Thanks to my many years of experience as a gallery owner, I have always had an interest in bringing art to greater audiences and giving art a platform. Together with the Karlsruhe exhibition, in 2003 I founded art KARLSRUHE and developed a concept for the exhibition.

You were there from the very beginning: how would you say the exhibition has changed over time?

The concept I originally developed for the exhibition has remained constant over the years. The uniqueness of the concept was clear from the very beginning, evident in its one-artist-shows and roomy sculptural spaces. Over time, these have simply been refined, for example in terms of quality and dimensions. Today, art KARLSRUHE still enjoys great popularity and is one of the three great art exhibitions within German-speaking territory.

How many visitors does the exhibition receive on average, and how many sales take place?

Every year around 50,000 art lovers travel to Karlsruhe to visit the exhibition. The high level of interest among visitors and the high turnover of the individual gallery owners have allowed the exhibition to develop so positively and position itself so prominently. The fact that numerous gallery owners who were on-board from the very beginning will also be participating in 2019 is not just an indication of great loyalty but also of the economic success of the exhibition.

The awards ceremony for the art KARLSRUHE prize, which takes place on 23.02.19 at 11:30, is sure to be a highlight of the event: for now, what can you tell us about the one-artist-shows that have been nominated?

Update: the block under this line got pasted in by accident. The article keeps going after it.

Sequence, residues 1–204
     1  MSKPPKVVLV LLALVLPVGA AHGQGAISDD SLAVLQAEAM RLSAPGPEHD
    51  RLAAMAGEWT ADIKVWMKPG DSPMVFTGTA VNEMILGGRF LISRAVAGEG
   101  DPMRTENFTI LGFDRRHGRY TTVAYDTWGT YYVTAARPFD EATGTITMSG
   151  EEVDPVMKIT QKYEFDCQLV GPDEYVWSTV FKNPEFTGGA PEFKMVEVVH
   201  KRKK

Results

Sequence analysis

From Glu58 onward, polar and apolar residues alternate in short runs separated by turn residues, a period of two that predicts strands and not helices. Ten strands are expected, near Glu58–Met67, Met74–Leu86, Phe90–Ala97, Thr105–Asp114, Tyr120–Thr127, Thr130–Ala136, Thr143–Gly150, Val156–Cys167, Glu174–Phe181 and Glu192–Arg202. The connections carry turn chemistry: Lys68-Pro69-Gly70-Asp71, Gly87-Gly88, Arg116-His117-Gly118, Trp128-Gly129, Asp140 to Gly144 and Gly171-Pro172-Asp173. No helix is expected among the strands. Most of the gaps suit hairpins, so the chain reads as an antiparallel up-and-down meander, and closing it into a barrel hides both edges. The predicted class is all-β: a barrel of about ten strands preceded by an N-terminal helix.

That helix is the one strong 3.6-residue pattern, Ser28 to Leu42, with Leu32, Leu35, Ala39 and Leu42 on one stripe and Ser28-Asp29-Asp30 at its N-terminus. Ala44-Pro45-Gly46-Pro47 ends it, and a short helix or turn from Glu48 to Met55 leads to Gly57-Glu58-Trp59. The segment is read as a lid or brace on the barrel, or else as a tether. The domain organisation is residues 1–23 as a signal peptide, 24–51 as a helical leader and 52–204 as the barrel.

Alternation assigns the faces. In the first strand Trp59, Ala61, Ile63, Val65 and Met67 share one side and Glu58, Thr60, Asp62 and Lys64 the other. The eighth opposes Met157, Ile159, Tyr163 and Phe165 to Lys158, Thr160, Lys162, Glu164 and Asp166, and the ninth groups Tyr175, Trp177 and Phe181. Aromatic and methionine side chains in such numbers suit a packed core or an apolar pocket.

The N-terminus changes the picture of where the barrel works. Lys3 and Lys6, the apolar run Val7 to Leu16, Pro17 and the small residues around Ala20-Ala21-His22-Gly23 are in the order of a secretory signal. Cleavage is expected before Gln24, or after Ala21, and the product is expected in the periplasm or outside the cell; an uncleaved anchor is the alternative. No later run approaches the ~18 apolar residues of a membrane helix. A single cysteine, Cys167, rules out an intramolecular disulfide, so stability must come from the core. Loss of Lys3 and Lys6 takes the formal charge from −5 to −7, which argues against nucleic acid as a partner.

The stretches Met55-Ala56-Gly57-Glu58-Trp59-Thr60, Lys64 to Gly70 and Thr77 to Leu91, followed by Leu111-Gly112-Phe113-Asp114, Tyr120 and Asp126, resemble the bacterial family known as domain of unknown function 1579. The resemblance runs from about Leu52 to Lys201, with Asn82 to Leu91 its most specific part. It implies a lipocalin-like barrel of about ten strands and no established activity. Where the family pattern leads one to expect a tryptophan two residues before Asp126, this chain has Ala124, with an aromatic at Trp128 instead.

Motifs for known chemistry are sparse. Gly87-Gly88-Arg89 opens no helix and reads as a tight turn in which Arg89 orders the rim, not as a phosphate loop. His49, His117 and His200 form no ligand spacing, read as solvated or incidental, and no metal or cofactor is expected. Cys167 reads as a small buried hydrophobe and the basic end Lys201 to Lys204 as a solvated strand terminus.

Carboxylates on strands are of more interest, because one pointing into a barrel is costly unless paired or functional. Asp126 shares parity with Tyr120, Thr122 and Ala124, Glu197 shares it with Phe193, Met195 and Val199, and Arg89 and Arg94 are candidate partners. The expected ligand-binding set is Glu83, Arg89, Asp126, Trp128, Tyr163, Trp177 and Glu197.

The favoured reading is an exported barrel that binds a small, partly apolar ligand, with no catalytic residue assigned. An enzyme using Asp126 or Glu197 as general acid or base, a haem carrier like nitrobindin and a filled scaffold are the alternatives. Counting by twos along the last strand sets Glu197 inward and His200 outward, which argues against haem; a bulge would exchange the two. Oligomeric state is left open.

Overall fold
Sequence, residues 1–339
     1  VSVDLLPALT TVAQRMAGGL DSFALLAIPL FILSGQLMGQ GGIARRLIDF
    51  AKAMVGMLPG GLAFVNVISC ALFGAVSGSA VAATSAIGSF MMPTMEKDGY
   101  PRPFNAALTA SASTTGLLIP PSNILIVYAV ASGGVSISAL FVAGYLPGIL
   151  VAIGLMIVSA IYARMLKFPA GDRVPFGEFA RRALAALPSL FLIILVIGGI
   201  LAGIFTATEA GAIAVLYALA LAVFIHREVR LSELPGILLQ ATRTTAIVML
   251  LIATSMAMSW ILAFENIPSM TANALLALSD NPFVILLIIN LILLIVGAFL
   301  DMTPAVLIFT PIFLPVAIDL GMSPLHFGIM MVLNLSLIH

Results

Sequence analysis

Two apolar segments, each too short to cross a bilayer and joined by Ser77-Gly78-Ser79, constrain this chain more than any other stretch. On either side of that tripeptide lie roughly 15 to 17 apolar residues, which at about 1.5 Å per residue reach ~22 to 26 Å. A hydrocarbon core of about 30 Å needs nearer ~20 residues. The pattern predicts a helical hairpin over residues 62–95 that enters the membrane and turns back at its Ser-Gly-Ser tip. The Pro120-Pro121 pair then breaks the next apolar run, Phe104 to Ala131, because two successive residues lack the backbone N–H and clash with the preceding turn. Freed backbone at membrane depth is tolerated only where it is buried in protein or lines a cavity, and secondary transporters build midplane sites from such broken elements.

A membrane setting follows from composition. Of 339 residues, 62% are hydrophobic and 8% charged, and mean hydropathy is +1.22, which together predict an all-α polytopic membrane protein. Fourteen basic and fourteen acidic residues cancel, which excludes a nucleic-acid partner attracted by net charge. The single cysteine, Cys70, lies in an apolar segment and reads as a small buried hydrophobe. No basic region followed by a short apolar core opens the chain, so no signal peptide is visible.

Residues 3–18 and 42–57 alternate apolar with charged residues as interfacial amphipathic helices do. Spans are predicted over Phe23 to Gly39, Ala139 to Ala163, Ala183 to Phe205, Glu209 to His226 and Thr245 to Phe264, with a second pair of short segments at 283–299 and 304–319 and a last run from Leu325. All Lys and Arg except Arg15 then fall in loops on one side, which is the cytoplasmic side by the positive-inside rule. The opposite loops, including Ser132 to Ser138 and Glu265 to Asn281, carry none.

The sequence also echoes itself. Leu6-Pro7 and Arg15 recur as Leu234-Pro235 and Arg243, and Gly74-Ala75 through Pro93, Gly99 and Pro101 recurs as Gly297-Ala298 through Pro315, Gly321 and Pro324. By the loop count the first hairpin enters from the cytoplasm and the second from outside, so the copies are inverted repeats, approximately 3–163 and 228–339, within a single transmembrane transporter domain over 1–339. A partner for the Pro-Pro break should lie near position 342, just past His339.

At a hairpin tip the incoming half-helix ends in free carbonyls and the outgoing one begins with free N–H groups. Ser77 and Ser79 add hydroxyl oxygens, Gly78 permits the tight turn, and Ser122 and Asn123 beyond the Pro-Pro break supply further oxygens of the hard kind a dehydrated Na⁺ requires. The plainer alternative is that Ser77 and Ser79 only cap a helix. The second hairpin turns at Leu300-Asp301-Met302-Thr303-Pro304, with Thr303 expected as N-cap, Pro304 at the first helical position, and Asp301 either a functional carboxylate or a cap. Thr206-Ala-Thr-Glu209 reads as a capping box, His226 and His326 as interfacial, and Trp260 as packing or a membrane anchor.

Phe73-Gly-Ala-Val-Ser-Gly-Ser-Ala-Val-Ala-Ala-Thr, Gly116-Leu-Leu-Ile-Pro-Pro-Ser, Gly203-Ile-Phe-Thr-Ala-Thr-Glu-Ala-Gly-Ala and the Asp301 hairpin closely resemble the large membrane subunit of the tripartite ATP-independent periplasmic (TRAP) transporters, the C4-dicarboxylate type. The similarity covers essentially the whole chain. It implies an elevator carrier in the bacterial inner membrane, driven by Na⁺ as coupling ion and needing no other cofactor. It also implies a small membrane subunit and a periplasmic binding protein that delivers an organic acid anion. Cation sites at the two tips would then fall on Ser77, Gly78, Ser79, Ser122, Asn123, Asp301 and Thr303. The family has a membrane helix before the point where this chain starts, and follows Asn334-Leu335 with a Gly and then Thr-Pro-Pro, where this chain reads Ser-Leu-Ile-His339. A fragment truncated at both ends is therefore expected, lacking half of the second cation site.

I am personally delighted that the one-artist-shows, which are rooted in the original concept of the exhibition, enjoy such popularity. This year alone we will have 196 one-artist-shows: these are also automatically nominated for the art KARLSRUHE prize, which will be awarded this year for the 12th time. The winner will be selected be an expert jury and awarded together with the state of Baden-Württemberg and the city of Karlsruhe. The works purchased using the prize money will also remain in the cultural memory of the city, as these will go into the art KARLSRUHE collection, which is kept in the city gallery.

Art KARLSRUHE promotes private collections in particular: for this reason, you always offer a special exhibition – such as this year’s exhibition by Mr Peter C. Ruppert. What makes this collection so unique?

It is, of course, no coincidence that we have invited the Berlin collector Peter C. Ruppert, whose collection has been hosted for a long time in the Kulturspeicher Würzburg Museum, to put together the traditional special exhibition for 2019, consisting of selected works. Ruppert has always been fascinated by works from the Concrete Art movement. And the imminent Bauhaus anniversary has brought new attention to images and sculptures with a constructive background throughout the country. As is also the case with this year’s art KARLSRUHE.

Once again, you will be staging the graphic print special exhibition: which graphics in particular can visitors look forward to? Do you have a favourite piece?

The spectrum of the works exhibited is very broad: from Warhol to Picasso. And the price range is just as wide, ranging from around 250 euros to 45,000 euros. In total, around 100 excellent works will be on show. Personally, I don’t have a single favourite piece: I would say that the whole presentation that is created by the excellent works of art on display is my favourite. Visitors should make up their own minds about their personal favourites.